Isla Mujeres, Mexico, is just a few miles off the coast of Cancún, but this peaceful little island could hardly feel more different from that bustling spring-break city. Retirees here relax on sedate white-sand beaches and travel around the four-mile-long island in golf carts. Cancún is a 20-minute ferry ride away when you want a little excitement—or when you need to shop for something not available on Isla Mujeres—and flights from Cancún to Miami take less than two hours. There are plenty of English-speaking expats on the island, and you can get by speaking only English on the mainland, too. Serious medical issues are handled at hospitals in nearby Cancún or in Mérida. 

Roatán, Honduras, is another great choice for retirees in search of peaceful white-sand beaches and picturesque fishing villages. It’s a former British colony, so English speakers abound. Because Roatán is one of the world’s great scuba-diving destinations, there are plenty of flights to the US and a strong infrastructure designed to cater to Western visitors. Beachfront ­condos can be had for less than $200,000, and beachfront apartment rentals for around $1,000 a month. It’s surprisingly easy to obtain many US products at local markets. For major medical procedures, many expats opt to take the 90-minute ferry ride to La Ceiba, a large city on the mainland. There are some things to do on the island, including bars, restaurants and live music, but this is not a destination for retirees who need nightlife—it’s for those who dream of spending days around the water and watching the sunset on the beach with friends.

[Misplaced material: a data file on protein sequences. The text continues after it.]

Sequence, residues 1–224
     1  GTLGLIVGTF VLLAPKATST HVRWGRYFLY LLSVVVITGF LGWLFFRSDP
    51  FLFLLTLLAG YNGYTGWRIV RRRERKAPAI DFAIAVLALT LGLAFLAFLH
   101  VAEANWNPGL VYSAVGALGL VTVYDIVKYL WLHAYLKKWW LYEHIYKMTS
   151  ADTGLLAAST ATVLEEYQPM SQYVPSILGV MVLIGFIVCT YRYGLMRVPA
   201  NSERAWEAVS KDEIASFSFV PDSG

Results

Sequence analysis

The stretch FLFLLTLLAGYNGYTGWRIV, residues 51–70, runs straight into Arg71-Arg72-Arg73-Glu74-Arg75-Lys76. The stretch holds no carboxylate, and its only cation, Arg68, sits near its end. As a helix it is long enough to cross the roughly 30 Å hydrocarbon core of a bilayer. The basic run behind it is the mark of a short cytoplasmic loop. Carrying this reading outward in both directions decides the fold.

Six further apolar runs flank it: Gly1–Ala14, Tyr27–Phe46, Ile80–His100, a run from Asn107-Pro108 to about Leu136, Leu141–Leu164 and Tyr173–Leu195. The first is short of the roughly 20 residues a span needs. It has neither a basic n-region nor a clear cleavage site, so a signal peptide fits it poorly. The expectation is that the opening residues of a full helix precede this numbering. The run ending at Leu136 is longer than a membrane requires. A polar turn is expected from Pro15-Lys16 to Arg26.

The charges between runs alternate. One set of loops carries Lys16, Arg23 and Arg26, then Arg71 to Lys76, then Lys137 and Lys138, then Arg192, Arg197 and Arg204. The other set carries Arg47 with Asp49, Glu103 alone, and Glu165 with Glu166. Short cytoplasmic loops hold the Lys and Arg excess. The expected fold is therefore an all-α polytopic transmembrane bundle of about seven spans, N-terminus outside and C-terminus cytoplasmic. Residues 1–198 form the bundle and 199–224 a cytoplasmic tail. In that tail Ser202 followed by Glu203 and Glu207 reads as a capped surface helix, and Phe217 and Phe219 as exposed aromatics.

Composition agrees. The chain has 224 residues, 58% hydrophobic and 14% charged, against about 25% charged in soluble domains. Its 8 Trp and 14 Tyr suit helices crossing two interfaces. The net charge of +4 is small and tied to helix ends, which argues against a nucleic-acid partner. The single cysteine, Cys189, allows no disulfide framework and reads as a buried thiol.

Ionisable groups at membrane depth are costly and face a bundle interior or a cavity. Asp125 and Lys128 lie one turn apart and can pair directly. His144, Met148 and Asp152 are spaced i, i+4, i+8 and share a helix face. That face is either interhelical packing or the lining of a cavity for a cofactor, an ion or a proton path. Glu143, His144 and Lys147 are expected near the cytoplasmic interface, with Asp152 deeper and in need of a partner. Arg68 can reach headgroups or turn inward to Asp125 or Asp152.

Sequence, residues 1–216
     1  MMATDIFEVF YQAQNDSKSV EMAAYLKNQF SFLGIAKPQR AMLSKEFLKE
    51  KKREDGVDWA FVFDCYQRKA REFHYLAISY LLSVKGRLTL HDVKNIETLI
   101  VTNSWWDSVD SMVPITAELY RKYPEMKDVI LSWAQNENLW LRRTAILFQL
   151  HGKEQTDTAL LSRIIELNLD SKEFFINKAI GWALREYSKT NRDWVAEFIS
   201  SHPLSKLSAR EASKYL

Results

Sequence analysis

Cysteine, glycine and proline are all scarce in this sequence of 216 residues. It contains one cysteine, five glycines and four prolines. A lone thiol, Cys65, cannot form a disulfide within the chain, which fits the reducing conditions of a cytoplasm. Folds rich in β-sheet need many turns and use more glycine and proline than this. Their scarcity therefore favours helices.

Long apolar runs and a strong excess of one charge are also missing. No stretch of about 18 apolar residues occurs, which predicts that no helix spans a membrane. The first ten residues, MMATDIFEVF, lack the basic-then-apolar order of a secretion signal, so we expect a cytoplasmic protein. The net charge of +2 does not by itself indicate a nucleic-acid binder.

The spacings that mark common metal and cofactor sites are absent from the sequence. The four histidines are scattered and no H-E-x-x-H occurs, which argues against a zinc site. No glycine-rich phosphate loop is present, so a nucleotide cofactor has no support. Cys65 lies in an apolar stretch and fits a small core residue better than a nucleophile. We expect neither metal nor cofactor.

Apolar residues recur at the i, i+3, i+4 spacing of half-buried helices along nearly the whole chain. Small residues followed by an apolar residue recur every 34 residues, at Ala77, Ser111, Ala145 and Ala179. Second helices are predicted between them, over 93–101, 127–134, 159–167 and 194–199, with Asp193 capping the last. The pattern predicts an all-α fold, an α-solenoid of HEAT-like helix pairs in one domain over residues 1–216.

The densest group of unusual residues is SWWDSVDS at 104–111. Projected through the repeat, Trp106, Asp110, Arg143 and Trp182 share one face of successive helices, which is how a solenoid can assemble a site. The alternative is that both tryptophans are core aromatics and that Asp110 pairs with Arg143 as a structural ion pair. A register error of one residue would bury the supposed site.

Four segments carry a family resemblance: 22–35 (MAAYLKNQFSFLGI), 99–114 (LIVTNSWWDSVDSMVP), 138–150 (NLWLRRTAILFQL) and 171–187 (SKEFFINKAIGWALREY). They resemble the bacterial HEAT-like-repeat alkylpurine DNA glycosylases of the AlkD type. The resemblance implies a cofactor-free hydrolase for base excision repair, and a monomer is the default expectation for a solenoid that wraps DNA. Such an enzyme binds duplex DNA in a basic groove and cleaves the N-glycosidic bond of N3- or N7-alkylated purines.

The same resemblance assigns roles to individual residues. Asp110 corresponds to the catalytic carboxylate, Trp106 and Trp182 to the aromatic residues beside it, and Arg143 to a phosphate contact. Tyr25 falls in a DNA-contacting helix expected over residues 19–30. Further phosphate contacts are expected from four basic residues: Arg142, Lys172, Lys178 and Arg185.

Majorca, Spain, 130 miles south of Barcelona, has a stunning coastline of harbors and coves. The climate is mild all year, history abounds—there are ancient castles and Roman ruins—and with a population of more than 850,000 (approximately half of whom live in the city of Palma), there’s plenty to do. ­Majorca is part of Spain, so infrastructure is up to Western standards. Many locals speak at least a little English because of all the tourists and expats. There are about a dozen hospitals on the island. 

Malta, off the southern coast of Italy, is a wonderful combination of an island retirement and a cultured European retirement. The weather is warm even in winter, and there are lovely beaches and breathtaking coastal trails…but Malta also has museums, centuries-old walled cities and castles, and plenty of restaurants and bars. It’s a tiny nation—just 122 square miles—but big enough to offer a truly varied and interesting life. Excellent health care is available. Nearly 90% of Malta’s population speaks English. And if you do get bored, flights to world-class European destinations take less than two hours and can be found for less than $200 round-trip.